The XX Factor

Bresha Meadows Enters a Plea Deal, Will Spend Two More Months in Detention

Bresha Meadows spent her 15th birthday in juvenile detention, and she’ll spend her 16th in mandatory residential treatment.

Bresha Meadows, a 15-year-old Ohio girl charged with aggravated murder for killing her allegedly abusive father, entered a plea deal on Monday after nearly 10 months in juvenile detention. In return for a plea of “true,” the juvenile version of “guilty,” Meadows got her charges knocked down to involuntary manslaughter and what could have been a multi-year jail sentence reduced to a year and a day in jail, six months in residential treatment, and two years of probation. The sentence includes time served, so Meadows has just two months left in detention before entering treatment.

Meadows’ mother Brandi called her a “hero” last summer for putting an end to the more than two decades of physical abuse she says she endured under her husband’s controlling eye. “She helped all of us so we could have a better life,” Brandi said at the time. Rewire reports that Meadows’ record will be sealed in three years and expunged in five. But the trauma of being imprisoned at 14 for using her father’s alleged instrument of abuse against him—a gun that Meadows, Brandi, and Meadows’ police-officer aunt all say the father used to threaten and torment the family—will linger.

Ja’Von Meadows-Harris, Meadows’ cousin who once lived with the family, recently came forward with stories of his uncle’s abuse, which allegedly predicated his removal from the home by a social worker. As I wrote last year, the horrifying allegations Meadows made against her father have been corroborated by other family members, medical records, years-old court documents, police reports, and testimonies from neighbors and school employees:

An order of protection Brandi received in 2011, then later dismissed, states that Jonathan cut her, bruised her, and broke her bones and blood vessels. “If he finds us, I am one hundred percent sure he will kill me and the children,” she wrote in her filing. “My life is like living in a box he created for me, and if I stepped out of that box, he’s there to put me back in that box.” Brandi told the Plain Dealer that his assaults have sent her to the hospital or other medical facility 15 to 20 times over the course of their relationship. According to Martina Latessa, who is Bresha’s aunt and Brandi’s sister, Jonathan punched Brandi until her teeth broke, kicked her, stomped on her, smashed her with a 25-pound weight while she was pregnant, required her to stay on the phone with him if she ever left the house alone, and threatened her and the kids with his gun, saying, “I will kill your fucking kids. You will watch your kids die. That is the last thing you’ll see.”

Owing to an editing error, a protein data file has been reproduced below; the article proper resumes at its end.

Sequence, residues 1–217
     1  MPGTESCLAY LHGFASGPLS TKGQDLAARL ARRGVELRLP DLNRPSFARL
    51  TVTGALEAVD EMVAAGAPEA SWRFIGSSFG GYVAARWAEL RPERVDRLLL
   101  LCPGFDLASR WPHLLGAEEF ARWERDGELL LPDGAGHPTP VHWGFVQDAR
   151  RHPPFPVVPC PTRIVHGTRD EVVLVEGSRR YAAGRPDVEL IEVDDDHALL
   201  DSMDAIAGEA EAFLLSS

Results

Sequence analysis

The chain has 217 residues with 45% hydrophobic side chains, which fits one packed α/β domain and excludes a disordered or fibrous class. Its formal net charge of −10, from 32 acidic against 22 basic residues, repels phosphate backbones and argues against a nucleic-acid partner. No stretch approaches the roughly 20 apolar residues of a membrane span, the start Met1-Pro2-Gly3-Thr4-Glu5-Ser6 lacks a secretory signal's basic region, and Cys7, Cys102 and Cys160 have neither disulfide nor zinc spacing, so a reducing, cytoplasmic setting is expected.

According to the Correctional Association of New York, a nonprofit that advocates for criminal-justice reform, three-quarters of women in prison have experienced intimate-partner violence as adults, and 82 percent suffered childhood physical or sexual abuse. About 90 percent of the 280 children who killed their parents in the U.S. in 1990, the last year with comprehensive data, were survivors of abuse. Activists who’ve fundraised for Meadows’ legal expenses and mandatory residential treatment have situated her case in the context of the millions of women, mostly women of color, who’ve been incarcerated for fighting back against violence perpetrated against them. In these cases, the prison system doesn’t rectify any wrongs—it merely picks up where the incarcerated woman’s abuser left off.

“In some cases, the ‘gendered paternalism’ of the state (a term coined by lesbian and radical feminists of the 1970s) uses Black women as pawns to reinforce racialized criminalization,” Mariame Kaba wrote in the New Inquiry earlier this month. “For ‘their own protection’ and often against their stated wishes, victims of domestic violence are threatened with jailing by some prosecutors or judges if they refuse to testify against their abusers.” Kaba is a leader of the #FreeBresha fundraising and advocacy campaign, as well as an organizer with the Survived & Punished coalition, which seeks to end criminal prosecution against survivors of sexual assault and domestic violence who fight back. In her New Inquiry piece, she traces the inspiration for contemporary liberation efforts for Meadows and Marissa Alexander back to the campaign to free Joan Little, a young black incarcerated woman who was arrested in 1974 for taking an ice pick from a jail guard who was raping her and using it to stab and kill him. Little was found not guilty of the murder charge, the first time in U.S. history that a woman was acquitted for killing a man in self-defense during a sexual assault.

Few women since have gotten such justice. During her months behind bars, Meadows was placed on suicide watch and received little mental-health support, yet a judge refused her lawyer’s request that she be able to live with her family until trial. Family visits were limited. Kaba told Rewire that plea deals like the one Meadows took are “coercive and … a violent means of social control.” If her case went to trial and a jury convicted her, Meadows could have faced six years, the remainder of her adolescence and the beginning of her young adulthood, in juvenile detention. She may well have gotten a jury that would have empathized with her plight and decided not to keep an alleged abuse victim from her already traumatized family for six years. But with the carceral system’s history in mind and her mental health to consider, Meadows couldn’t risk it. In the eyes of the state, she, and not her alleged abuser, is the convicted violent criminal in the family.